The Drug Dealer’s Cat
After I quit the job at the newspaper, I needed to save money, so I moved into a cheap apartment building on University Hill. This was in Colorado. It was an old sorority house that had long since been abandoned by the perky, young coeds who had once resided in its floral-printed halls and was now haunted by the type of middle-age men who commonly stalk said coeds in horror movies.
My room was approximately fifteen feet by twenty, with just enough space for a bed, a couch, a coffee table, and one of those mini refrigerators that holds precisely one six pack of canned beer, four ketchup packets, half a candy bar, and two potatoes. The bathroom and kitchen were across the hall. Both were cleaned once a week by a quiet Mexican family who did not live in the building.
I found out about the apartment from my friend, a full-time journalist and part-time junkie who used to live in the very room I was now occupying. He was forced to relocate when he ran into trouble with his drug dealers, a father/son duo who lived next door. He stiffed the landlord and the dealers during his departure, but neither held it against me.
The landlord was a twenty-three-year-old kid who had received the apartment building as a graduation present from his father and was milking us for rent money until real estate prices in the neighborhood rose to a level that warranted selling the property, at which point he planned on moving to Belize and retiring at the age of thirty. He was a nice enough guy, but you couldn’t help but resent his boyish good looks and the baseball cap that was always cocked slightly askew on a messy brown nest of curls.
The rest of the residents were primarily harmless headcases and transients who had just gotten out of jail or rehab or grad school and had nowhere else to go. They were men, mostly. Sad men. Angry men. Broken men. Men who were either on medication or needed to be on medication. Alcoholics. Drug addicts. Control freaks. Weirdos. Losers. They reminded me of that line Thoreau wrote in Walden. “Most men live lives of quiet desperation.” I say “they” but I lived there too, so I was one of the quiet and desperate I guess. There are worse things to be.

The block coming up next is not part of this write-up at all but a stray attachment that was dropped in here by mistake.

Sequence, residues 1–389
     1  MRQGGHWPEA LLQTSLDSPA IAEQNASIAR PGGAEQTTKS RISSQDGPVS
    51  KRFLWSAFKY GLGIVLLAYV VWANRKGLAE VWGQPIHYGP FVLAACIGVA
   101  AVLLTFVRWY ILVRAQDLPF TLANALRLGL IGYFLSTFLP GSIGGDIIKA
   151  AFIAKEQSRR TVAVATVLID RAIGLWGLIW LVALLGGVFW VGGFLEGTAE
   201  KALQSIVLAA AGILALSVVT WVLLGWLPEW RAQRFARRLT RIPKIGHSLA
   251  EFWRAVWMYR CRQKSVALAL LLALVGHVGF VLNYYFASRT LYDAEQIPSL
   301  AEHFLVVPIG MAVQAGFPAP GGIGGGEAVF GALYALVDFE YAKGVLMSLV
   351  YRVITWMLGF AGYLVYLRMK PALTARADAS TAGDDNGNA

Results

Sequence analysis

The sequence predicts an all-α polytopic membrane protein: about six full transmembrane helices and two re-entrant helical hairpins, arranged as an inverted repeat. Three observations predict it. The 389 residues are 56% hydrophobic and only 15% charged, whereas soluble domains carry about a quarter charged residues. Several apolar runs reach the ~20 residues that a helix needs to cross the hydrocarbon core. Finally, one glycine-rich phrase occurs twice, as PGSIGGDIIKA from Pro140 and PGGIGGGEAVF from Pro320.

Occasionally some scruffy-looking hippie would show up with a guitar case and a copy of On the Road and try to turn the building into a commune. He’d post notes in the kitchen about hosting a drum circle in his room with free kombucha for all comers, and then he’d sit in there by himself playing folk songs until one in the morning before finally screaming “Fuck you all!” into the hall and slamming his door. Fortunately, the building seemed to repel these types of New Agey do-gooders and they were usually gone in a month.
On one occasion, a paranoid-schizophrenic with insomnia moved into the room next to mine. The building had no air conditioning, so during the summer it was almost unbearable. I’d sit in my underwear with the window open and a fan on, and I’d still have to take a cold shower every couple of hours to keep from passing out. But this guy was oblivious to the heat. He wore a ski mask, sunglasses, fleece hoodie, long pants, snow boots, and mittens, and then he would rap duct tape around the sleeves and pant legs so there was no skin exposed. In the middle of the night, he would slam the doors of the bathroom stalls for no apparent reason and then rant for thirty minutes about topics ranging from the CIA to the rising cost of milk to the reasons why black people couldn’t be trusted. He was there for less than three weeks before the landlord kicked him out. In a weird sort of way, I missed him after he was gone. When it’s too hot to sleep and you’re lying on your bed sweating and staring at the ceiling and you can’t get enough air in your lungs and all the molecules in your body suddenly start to freak out and you think “Maybe this is what madness feels like,” it’s comforting to have someone around to demonstrate the difference between insanity and a panic attack by screaming that Kentucky Fried Chicken is responsible for faking the moon landing.
The drug dealers and I got to be fairly good friends. I mean, we didn’t go see Broadway musicals together or anything like that, but they would give me a head-nod in the hall, which was more than they did for anyone else in the building. The son turned out to be some kind of computer wiz and he hooked me up with free cable and internet access in exchange for my Netflix password. Every couple of months he would come over to my room and do something on my computer that gave it more memory or made it run faster or some such thing. I never knew what was going on. He would just knock on the door, enter my room without an invitation, sit down at my computer, and start typing away at breakneck speeds, all the while talking faster than seemed humanly possible, a light glaze of white powder under his nose. He didn’t socialize much, but once he got started you couldn’t shut him up. He was an unfortunate-looking guy: 25ish, pasty skin that was always moist to the touch, about eighty pounds overweight, almost bald on top with long, black hair on the sides and back, one of those patchy wispy beards grown by those who can’t really grow facial hair but refuse to give up the dream.